Dominik Mandić (December 2, 1889 - August 23, 1973) was a Bosnian Croat historian and politician, a member of the Franciscan Order. His history books are essential reading for the history of medieval Bosnia and Herzegovina.
Mandić was born in Lise, near the town of Široki Brijeg in Herzegovina. He completed his primary education in Široki Brijeg, where he attended the famous Franciscan high school, but graduated from the last two years in Mostar. He studied theology in Fribourg and obtained his Ph.D. in church history. When he returned to Mostar, he became a teacher of religion in the Mostar state high school. The Franciscan Province of Herzegovina elected him as their head. Although he was invited to teach in Rome, his own province asked him to become the headmaster of the classical high school in Široki Brijeg, which he accepted.
In the period of the Kingdom of Yugoslavia (1918-1941), Mandić had some pro-Yugoslavian ideas in the beginning, but he soon sobered, seeing that the state had no future and no place for Croats. In 1939 he was appointed a member of the central administration of the Franciscan Order in Rome as the representative of all the Franciscan provinces in Slavic countries and the chief treasurer of the Order. He was still in Rome when war broke out in his homeland in 1941.
When the Independent State of Croatia (NDH) was established, he showed little enthusiasm. He believed it was a political act which disregarded the free will of the Croatian people. In the clerical spheres, he talked against the persecutions of Serbs, Roma and Jews, motivated by his Christian and humanist ideals, and asked Croats to refrain from retaliation against Serbs after the chetnik atrocities around Mostar in April 1941.
He realistically estimated that the conditions of the creation of NDH were unfavorable for it to survive in the long term, so he participated as a mediator in several attempts to make contact with the Western Allies since 1942, foreseeing the defeat of the Axis Powers. His mediation was unsuccessful, however. Mandić's influence was more useful in 1945, when he managed to save several hundreds of Croatians escaping the communist terror of the new Yugoslavia and to organize social care for several tens of thousands of refugees. He founded the Croatian press in the refugee camp of Fermo, which printed newspapers and books for Croatian refugees.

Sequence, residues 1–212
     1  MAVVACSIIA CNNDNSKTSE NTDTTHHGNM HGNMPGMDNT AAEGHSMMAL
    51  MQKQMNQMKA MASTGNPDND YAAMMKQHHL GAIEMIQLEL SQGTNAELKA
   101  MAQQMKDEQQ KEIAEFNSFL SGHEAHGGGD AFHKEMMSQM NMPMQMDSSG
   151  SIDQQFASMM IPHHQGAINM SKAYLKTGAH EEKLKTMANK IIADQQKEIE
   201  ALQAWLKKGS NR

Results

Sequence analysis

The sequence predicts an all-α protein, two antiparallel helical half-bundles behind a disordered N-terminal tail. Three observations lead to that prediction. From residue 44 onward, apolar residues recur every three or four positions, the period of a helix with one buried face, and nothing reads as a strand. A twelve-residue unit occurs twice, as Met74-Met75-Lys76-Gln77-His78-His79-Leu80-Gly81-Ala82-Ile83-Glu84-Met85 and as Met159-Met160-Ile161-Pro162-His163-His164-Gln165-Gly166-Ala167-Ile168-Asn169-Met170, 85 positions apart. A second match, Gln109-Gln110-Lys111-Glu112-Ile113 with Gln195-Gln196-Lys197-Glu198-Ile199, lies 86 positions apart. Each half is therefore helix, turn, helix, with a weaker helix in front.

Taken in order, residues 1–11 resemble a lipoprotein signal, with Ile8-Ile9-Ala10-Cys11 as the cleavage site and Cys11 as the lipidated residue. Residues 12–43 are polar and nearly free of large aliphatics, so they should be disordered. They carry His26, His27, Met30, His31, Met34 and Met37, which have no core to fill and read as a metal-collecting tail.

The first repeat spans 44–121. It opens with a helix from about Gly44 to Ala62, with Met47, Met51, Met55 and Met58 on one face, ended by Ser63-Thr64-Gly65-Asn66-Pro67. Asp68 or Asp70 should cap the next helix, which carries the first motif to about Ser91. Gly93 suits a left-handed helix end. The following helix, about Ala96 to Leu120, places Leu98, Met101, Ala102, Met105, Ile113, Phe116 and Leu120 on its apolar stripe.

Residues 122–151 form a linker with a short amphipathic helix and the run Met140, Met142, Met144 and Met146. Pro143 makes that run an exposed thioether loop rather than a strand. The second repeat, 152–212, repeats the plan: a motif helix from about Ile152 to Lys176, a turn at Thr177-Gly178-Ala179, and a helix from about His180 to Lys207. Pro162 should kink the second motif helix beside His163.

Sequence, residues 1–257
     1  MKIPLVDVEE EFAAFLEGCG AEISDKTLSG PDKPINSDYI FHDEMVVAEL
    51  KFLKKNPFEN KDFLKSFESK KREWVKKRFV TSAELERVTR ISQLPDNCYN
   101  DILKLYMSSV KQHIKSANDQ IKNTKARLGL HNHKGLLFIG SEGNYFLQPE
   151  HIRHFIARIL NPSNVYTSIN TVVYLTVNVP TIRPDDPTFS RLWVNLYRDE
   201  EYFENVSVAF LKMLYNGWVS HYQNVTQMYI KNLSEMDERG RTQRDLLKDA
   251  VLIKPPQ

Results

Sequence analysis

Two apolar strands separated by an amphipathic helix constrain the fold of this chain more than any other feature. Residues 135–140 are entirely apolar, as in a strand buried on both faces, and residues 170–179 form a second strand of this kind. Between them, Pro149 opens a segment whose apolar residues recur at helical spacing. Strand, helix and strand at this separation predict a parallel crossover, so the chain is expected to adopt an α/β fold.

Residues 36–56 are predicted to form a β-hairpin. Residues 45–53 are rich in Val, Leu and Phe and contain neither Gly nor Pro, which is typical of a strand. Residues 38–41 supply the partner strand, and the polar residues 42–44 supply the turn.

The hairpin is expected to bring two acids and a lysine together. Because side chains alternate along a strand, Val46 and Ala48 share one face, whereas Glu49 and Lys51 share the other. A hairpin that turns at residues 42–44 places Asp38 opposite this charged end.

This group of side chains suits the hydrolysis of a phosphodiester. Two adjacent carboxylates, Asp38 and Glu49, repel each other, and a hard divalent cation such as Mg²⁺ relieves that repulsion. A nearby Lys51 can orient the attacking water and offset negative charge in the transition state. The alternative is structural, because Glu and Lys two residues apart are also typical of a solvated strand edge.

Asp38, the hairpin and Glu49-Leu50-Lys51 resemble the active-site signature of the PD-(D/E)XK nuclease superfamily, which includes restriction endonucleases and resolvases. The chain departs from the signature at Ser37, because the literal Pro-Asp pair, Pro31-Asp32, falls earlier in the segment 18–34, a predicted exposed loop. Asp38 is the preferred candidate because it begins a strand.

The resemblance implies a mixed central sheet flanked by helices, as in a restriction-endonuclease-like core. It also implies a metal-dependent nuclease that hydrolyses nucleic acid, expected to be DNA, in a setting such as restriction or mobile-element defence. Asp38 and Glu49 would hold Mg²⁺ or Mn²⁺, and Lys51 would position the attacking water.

Pursuant to the agreement between the Allies and Yugoslavia, a hunt for notable Croats in Italy started in 1946 and 1947. Mandić used the resources of the Order to help dozens of most important Croatian officers (Ustasha) and intellectuals to avoid extradition, which would mean certain death, by providing them with passports for overseas countries, especially Latin America. In 1952 he moved to Chicago, where he became the head of the Herzegovina Franciscans in North America. Mandić spent the rest of his life in Chicago, doing spiritual and scientific work.
Mandić as historian
The greatest part of Mandić's history work was made abroad, especially in the USA. His central interest is medieval Croatian history, which includes today's area of Bosnia and Herzegovina.
Mandić's work is characterized by meticulous groundwork, skilful use of sources in many languages (along with classical languages, he used Italian, French, Russian, Spanish, English, German, Polish, Hungarian, Czech and Slovak), archivist's patience and precision, as well as a brilliant knowledge of nuances of church history, especially in Croatia and Bosnia and Herzegovina.
For these reasons, his history books are ripe with the data collected by the author from numerous sources, which makes them essential reading for anyone writing about the history of Bosnia and Herzegovina, especially the period until the 18th century.
From today's perspective, the chief shortcomings of Mandić are his lack of modernity and uncritical attitude towards historical sources. While the first weakness can be somewhat justified by the fact that a complete modern history of old Bosnia and Hum has not been written yet, the other objection is more serious.